Recently I had a privilege to work on a xRM project utilizing CRM 4.0 and SQL Reporting Services to create very complex Business Intelligence reports base on transactional records which were housed inside MS CRM.


We had approximately:

  • 25,000 accounts, which were assigned to one or more systemusers through sharing
  • 3,000,000 detail transactional records, linked to the account
  • 400 systemusers

Simplified, the relationships looked like following:

Basic requirement of reporting was to slice and dice sum of transactional data based on users or some account level information.

Some Important findings:

Performance of FilteredViews degenerates fast with more complex queries involving multiple entities. For example, query giving user-grouped sum ran in 20 seconds. Below a simplified core of the query:



from     filteredpo_transaction,


where ( po_accountID = AccountID )

by po_useridname

A requirement for adding user title came up, we can do this by joining systemuser table to the query. This does not seem like a large change, but performance fell to 250 seconds. Below is the simplified core of that query:




    from filteredpo_transaction,



    where ( po_accountID = AccountID )

    and     po_userid=systemuserid

by FullName, jobtitle

Doing the similar comparison with non-filtered views, we experience drop from 15 seconds to 120 seconds, which helps but is not enough for user-friendly performance.

Account-Transaction Account-Transaction-User
Filtered 20s 250s 1250%
Non-Filtered 15s 120s 850%

Note that when using Non-Filtered Views, you will need to account for security yourself in the report criteria/filtering.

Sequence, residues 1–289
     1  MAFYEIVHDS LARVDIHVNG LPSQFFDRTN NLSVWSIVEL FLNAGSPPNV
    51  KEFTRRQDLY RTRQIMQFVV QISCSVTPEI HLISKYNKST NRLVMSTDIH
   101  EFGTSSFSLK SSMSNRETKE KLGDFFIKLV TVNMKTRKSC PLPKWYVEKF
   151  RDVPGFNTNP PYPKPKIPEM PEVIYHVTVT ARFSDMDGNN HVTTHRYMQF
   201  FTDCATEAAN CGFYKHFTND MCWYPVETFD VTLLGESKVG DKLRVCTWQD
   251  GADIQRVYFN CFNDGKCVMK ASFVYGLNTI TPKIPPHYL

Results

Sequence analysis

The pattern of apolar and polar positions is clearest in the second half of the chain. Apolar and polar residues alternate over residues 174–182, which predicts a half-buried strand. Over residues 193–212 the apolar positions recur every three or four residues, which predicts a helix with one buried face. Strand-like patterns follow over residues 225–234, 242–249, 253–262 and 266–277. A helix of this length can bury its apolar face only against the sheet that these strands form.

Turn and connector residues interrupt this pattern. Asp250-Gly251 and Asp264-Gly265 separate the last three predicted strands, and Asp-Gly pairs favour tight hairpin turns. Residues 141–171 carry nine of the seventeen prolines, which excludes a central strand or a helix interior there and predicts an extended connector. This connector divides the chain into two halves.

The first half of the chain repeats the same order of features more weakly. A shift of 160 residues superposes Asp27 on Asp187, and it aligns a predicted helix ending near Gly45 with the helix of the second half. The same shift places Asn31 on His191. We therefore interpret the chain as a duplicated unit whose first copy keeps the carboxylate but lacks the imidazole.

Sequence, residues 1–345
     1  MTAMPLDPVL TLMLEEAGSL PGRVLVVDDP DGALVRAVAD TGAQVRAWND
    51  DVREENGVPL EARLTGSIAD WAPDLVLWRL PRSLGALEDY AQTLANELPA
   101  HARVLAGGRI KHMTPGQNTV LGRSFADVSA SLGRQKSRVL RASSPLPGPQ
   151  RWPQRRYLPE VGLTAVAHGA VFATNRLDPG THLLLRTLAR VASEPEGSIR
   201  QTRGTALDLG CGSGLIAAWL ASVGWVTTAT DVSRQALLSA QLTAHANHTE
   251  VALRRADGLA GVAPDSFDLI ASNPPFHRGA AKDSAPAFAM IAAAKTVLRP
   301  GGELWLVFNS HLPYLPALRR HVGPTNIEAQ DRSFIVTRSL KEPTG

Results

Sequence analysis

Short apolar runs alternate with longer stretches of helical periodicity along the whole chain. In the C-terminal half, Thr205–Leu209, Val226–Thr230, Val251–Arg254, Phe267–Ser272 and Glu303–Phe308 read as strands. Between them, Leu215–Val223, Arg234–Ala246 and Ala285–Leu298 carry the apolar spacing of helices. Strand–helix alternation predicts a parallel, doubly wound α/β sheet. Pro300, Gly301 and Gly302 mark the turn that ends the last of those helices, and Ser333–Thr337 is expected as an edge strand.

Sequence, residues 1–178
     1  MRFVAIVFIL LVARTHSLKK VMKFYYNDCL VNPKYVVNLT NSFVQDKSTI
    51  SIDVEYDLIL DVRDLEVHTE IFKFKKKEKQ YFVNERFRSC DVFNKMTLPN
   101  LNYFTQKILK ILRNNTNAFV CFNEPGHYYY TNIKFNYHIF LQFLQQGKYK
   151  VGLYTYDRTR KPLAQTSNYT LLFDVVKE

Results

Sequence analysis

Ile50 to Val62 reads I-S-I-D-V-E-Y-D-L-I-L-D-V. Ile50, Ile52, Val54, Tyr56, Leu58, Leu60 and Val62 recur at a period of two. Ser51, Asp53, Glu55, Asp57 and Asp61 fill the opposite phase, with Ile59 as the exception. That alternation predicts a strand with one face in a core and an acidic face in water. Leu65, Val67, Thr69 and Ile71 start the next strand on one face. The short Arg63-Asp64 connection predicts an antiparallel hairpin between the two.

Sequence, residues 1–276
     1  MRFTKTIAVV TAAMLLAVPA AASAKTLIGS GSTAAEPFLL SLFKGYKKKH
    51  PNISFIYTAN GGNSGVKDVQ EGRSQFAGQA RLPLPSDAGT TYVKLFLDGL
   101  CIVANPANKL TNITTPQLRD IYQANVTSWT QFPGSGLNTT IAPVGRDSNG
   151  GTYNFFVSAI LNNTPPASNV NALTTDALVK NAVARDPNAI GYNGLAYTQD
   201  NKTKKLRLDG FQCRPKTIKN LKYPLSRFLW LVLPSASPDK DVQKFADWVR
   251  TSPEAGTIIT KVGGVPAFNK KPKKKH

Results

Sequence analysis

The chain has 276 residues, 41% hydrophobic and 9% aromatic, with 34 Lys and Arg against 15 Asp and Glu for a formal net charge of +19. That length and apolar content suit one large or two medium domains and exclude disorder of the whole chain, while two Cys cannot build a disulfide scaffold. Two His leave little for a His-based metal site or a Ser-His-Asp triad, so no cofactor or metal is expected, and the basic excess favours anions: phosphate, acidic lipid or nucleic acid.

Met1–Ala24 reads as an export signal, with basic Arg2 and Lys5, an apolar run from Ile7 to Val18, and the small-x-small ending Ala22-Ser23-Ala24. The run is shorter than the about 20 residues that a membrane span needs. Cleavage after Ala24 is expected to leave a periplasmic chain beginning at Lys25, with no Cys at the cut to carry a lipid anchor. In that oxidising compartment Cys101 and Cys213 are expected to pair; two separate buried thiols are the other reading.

Custom Indexes

While MSCRM has indexes of its own, when you create custom relationships, these relationships are not indexed by default. In my example case, if I create custom indexes for transaction data and also for the system user assignment, the numbers will change drastically:

Account-Transaction Account-Transaction-User
Filtered 20s 15s -25%
Non-Filtered 5s 2s -60%

The interesting details are that by introducing extra table to query actually improves query performance in this example. This is due to better utilization of indexes. Similarly the Account-Transaction filtered query did not benefit from the index at all.

Note that adding Indexes may slow down the creation and updating of the records.

Final Words

This example shows quite a dramatic improvement from unusable 250s report to blazing fast 2s report. While the results will vary, it shows that you do not have to accept slow performance as direct result of large number of rows or complex data model. With correct planning and design, the speed can be improved.

If this is something you are looking for help on let the CRM Experts at PowerObjects know – we have many tools to help you get the reporting you need out of your MSCRM system.

Happy CRMing

Avatar for Joe D365

Joe D365

Joe D365 is a Microsoft Dynamics 365 superhero who runs on pure Dynamics adrenaline. As the face of PowerObjects, Joe D365’s mission is to reveal innovative ways to use Dynamics 365 and bring the application to more businesses and organizations around the world.